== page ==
Earlier this week we sent out an invitation to all Muppet fans who wanted to submit a tribute to Caroll Spinney, the legendary Muppet performer who passed away earlier this week. We were overwhelmed with responses, so we’ve broken them up in to two posts. Tomorrow’s tributes include a multitude of artwork that was sent in to us. Thanks to everybody who sent something in.
The story I have about the time I met Caroll Spinney is hardly worth telling. Why? Because it’s too similar to everyone else’s story about Caroll, and all stories about this man share the same ending: he was kind. As far as I’m concerned, however, such a moral bears repeating.
I was at a screening of I Am Big Bird in June, 2014. This was before the wide release, so the makers of the film were touring it around with different audiences, and I was able to see it when it came to Washington D.C. This particular screening (a semi-finished cut of the film that contained a small number of scenes that we probably won’t see ever again) was followed by a Q&A with the filmmakers and with Caroll and Deb (and Oscar). Now, I was much younger five years ago –– I am now a mature, thoughtful, well-rounded person in his mid-20s, but at the time, I was an obsessive teenager with a million questions. I surely asked a complicated two-part question during the Q&A, like a jerk, and then was annoying enough to ask Oscar a question when Caroll was doing photos with fans.
It was great seeing Caroll treated as a celebrity, but remarkably, not as many people were interested in getting photos with or talking with Deb, even though we had all just watched a movie about her. I must have mentioned to her that I was hoping he would have time to sign my copy of The Wisdom of Big Bird, but it didn’t look likely since he was still surrounded by a mob of photographers and didn’t have a table set up to sign things. (He had also just sat through his bazillionth viewing of I Am Big Bird, because Caroll reliably sat in the theater and watched the whole movie with the audience every single time they showed it at every stop on their tour, largely out of respect for the people who made it, but also, I think, because he found it emotionally moving.) Still, Deb assured me that, if I stuck around, Caroll would wait until everyone who wanted something signed got it signed. Indeed, Caroll stayed as long as it took to make everyone there happy, and I think I was the last one still hoping for his signature that evening, but that didn’t stop him from taking the time to draw a cartoon of Big Bird in the book for me, unprompted. He also took another dumb question I asked him, so by the end of the night, I knew all I needed to know about whether or not Bruno would ever be rebuilt and if Caroll had gotten a computer yet (no and no, but now you know, so you’re welcome).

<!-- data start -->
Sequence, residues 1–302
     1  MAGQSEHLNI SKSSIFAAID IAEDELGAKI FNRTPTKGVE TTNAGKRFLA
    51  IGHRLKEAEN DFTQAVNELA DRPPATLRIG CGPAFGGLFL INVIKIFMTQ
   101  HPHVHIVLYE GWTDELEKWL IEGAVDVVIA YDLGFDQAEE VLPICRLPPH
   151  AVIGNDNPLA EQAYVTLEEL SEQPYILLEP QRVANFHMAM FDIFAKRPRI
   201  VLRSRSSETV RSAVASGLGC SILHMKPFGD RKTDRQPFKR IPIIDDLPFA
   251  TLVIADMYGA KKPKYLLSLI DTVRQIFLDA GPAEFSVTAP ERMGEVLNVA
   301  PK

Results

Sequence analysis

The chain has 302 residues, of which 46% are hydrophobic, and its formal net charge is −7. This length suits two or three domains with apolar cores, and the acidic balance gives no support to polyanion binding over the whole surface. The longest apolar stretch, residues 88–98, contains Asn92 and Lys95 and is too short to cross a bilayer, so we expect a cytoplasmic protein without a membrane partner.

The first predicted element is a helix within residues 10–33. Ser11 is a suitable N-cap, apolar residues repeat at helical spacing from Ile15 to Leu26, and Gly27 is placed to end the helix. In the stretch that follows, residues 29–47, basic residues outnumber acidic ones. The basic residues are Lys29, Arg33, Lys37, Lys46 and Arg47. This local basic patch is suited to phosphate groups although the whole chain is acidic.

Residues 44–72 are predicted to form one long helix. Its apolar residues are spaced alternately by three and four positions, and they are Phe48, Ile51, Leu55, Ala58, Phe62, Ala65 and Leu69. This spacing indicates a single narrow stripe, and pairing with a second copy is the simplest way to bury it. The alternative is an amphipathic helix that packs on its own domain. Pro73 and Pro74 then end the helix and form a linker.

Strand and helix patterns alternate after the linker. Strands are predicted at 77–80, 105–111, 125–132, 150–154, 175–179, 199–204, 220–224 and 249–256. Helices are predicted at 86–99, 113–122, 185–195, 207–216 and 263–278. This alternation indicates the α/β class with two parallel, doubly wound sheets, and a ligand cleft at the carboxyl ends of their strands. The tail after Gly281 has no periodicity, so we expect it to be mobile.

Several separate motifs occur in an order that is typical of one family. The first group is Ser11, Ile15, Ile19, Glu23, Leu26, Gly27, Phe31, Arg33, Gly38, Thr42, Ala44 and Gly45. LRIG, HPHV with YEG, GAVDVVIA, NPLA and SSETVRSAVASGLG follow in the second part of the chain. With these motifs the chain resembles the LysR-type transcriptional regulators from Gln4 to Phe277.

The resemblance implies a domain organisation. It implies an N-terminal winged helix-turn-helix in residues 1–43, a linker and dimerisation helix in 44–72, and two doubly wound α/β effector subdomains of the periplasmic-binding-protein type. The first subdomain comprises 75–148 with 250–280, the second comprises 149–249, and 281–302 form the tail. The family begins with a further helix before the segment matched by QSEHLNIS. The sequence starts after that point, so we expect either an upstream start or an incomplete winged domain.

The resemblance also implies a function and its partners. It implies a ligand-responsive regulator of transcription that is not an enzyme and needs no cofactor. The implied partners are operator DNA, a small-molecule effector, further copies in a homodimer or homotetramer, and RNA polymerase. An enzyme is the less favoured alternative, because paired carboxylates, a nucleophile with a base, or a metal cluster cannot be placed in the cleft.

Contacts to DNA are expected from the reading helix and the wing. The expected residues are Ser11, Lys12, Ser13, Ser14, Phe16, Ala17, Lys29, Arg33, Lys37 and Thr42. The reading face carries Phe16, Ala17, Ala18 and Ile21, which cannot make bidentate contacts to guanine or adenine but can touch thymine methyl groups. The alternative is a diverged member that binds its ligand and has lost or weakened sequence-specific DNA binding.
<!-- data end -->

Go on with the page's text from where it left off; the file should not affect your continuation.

See? Not a story that’s especially interesting on its own, but when you count up the number of stories about Caroll that you’ll find on this page and others across the web this month, you’ll find that, together, they tell a story that’s truly remarkable. It’s the story of a man who played the most iconic and beloved children’s character since Mickey without ever gaining a shred of ego. While I hope his immense talent as a performer will never be overlooked, I want it remembered that what enabled Caroll to touch the lives of children of all ages and generations was his heart of gold. Thanks, Caroll –– thanks from everyone.
The British Correspondant
Even though Sesame Street in the main disappeared from TV in the UK years ago, we Brits still love the eccentric personalities and bright colours of the characters. At a time when our country feel very divided, I keep thinking about how Caroll Spinney portrayed Oscar as someone so different from those around him, with different interests and outlook, but so comfortable in the community, so accepted and understood in his grouchyness, trash loving and isolated nature. Every life matters and the trickle effect of sharing our lives of kindness with others will never truely be counted.
I was very sad to hear Caroll has passed away, I’ve been a Jim henson/Sesame Street fan since I was very young I always loved big bird and Oscar the Grouch.
Sesame Street and Jim Henson got me through a lot during my life and have shown me that no matter what, you will always be special and loved.
Thank you Caroll for everything, and now you are reunited with Jim.